As an example of a place where ‘it happened here first’ might be enough, there’s Botany Bay in Australia. New Holland was known long before Cook’s arrival. The expedition in the South Seas had found many more plants and animals before landing at Botany Bay. Banks was a good botanist, but if another competent botanist had been on the trip they could have spotted the flora was different. The ship didn’t even need to arrive at that specific point in Australia to produce an event. If they’d landed a bit further north, there still would have been a shore of unseen plants. So if the botanist and place are interchangeable what is the attraction? I think it is entirely ‘it happened here first’. The contact event could have happened anywhere along the east coast but here is where it happened. It’s what encouraged the British government to start transporting convicts and even though Botany Bay was not a successful site (the settlement had to move to Sydney) it was the thing that pulled British colonisation into the region.

Clearly for Botany there are places that are simply special. Pat also mentioned the Last Stand of the Wollemi Pines as an importance place in Botanic History, though probably not quite as dramatically as that. Plants can make a place important but the possibility of a Platzgeist something like a spirit or an atmosphere of a place, like a zeitgeist situated in space rather than time, that makes a discovery in one place possible while it’s not in another is interesting – if I could define it in less vague terms.

Photo: Jardín donde trabajó mendel en Brno by Rafael Robles. Licenced under a Creative Commons BY licence.

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Education and Research of Plant Breeding for the 21st Century

General Perspective

Many jars on shelves in a seedbank.

A seedbank of crop germplasm: The analysis of genetic variation in germplasm collections generates an added value for genebanks, making this research a good investment. In this way, genebank curators can offer specific accessions with desired traits to plant geneticists and breeders, who can then select materials tailored to their objectives and needs. Photo: Pat Heslop-Harrison.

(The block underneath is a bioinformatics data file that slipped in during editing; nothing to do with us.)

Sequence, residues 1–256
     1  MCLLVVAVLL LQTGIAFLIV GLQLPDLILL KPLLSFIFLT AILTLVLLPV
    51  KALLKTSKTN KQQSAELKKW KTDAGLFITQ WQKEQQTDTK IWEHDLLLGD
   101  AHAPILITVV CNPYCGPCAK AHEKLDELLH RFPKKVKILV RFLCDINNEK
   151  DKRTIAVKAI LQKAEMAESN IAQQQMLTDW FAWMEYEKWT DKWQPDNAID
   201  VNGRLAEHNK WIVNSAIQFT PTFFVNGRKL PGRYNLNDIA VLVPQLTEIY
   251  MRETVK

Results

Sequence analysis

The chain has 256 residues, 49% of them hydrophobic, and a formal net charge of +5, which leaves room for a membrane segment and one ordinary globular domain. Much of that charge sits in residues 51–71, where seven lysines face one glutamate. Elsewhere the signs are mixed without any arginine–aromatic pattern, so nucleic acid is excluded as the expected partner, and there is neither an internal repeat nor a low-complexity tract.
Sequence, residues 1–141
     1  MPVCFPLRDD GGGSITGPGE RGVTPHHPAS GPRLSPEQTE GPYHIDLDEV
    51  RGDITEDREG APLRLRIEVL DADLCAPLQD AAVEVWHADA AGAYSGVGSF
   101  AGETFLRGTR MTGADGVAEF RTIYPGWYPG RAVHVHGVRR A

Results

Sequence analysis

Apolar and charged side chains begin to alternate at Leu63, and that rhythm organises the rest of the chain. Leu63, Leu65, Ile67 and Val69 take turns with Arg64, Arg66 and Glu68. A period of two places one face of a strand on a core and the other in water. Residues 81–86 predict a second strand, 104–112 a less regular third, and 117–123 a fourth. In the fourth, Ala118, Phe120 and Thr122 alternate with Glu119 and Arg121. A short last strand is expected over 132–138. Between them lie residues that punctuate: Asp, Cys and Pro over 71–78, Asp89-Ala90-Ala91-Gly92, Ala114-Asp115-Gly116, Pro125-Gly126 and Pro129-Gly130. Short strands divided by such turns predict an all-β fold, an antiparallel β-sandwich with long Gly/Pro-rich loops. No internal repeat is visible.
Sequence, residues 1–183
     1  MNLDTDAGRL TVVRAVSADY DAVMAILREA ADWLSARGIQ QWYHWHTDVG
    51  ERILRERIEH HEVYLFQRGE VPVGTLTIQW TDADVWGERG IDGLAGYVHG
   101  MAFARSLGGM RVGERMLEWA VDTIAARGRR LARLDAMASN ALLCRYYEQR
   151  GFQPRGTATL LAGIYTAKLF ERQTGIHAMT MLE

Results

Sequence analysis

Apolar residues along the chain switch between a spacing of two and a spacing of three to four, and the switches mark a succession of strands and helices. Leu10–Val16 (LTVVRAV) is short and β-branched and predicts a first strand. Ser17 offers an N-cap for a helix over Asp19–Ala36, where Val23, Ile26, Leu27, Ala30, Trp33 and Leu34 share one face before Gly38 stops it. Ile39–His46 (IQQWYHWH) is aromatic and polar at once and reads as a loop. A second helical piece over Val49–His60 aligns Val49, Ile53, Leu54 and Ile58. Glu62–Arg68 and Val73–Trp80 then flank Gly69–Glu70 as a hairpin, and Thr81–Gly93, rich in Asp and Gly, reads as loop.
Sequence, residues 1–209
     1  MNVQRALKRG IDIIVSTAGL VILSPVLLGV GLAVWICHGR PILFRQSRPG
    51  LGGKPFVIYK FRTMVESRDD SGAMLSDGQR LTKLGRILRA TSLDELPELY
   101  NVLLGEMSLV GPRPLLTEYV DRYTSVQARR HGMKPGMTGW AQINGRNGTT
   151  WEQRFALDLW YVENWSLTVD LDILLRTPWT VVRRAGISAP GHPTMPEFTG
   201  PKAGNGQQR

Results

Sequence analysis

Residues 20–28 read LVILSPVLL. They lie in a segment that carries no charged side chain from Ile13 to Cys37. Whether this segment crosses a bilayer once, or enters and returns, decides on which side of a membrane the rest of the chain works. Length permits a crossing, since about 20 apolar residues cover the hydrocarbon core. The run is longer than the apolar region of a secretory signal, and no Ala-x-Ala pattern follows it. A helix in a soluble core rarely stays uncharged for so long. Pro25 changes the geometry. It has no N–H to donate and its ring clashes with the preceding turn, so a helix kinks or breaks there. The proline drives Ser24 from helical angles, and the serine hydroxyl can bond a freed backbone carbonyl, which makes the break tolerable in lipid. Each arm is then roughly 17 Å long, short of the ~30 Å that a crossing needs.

During the 20th Century national, regional and international gene banks established major collections for most crops to ensure the conservation of plant genetic resources. However, the use of this crop genetic endowment remains limited due to the lack of systematic research to provide a comprehensive framework for the efficient identification and introgression of beneficial variation for use in plant breeding. This needs to be achieved for both on-going priority traits and for novel added-value traits. There are now opportunities to develop new more efficient approaches for plant breeding because of the emergence of molecular genomic technologies and advances in computational systems. The power of molecular genomics will be fully realized when used in combination with classical quantitative genetics to integrate and comparatively analyze phenotypic, pedigree, and genotypic information for important traits. When we teach plant breeding we should therefore emphasize research and training in the use of crop diversity: conservation and characterization, plus the development of methods for increasing the pace and scope of impact from seed-embedded technologies. This training will require a broad range of partnerships, which will facilitate leveraging of new resources to harness emerging knowledge.

Research

The research agenda for hands-on training in plant breeding should include from crop biodiversity to bioinformatics with the main focus on analysis of genetic diversity of crops as well as development of strategies for conservation and utilization of genetic resources in plant breeding, with breeding informatics as a primary supportive tool. Over the last century assessment of variation in gene bank collections, and research into breeding and selection has led to a vast accumulation of both knowledge and genetic resources. For example, many breeding programs have collated extensive amounts of historical phenotypic and genealogical information on their breeding lines and some have conserved seed from these lines. However, rarely has this phenotypic data, derived from many years of multi-environment trials, been properly curated and integrated with genotype and site characterization data. The integration of interdisciplinary information resources and a comprehensive germplasm collection will facilitate the development of a new paradigm of knowledge-led plant breeding in which defined genomic regions will be the target for specific manipulation by plant breeding. Hence, all available data although sometimes patchy, can be used for retrospective modelling to form the basis of developing simulation tools to optimize the design of breeding and selection systems of ongoing breeding programs. The main pillars for teaching plant breeding course(s) should be:

Crop Biodiversity: Conservation, characterization and knowledge sharing

  • Developing evolutionary approaches for safe and dynamic conservation of the world’s crop heritage for future generations through further use in plant breeding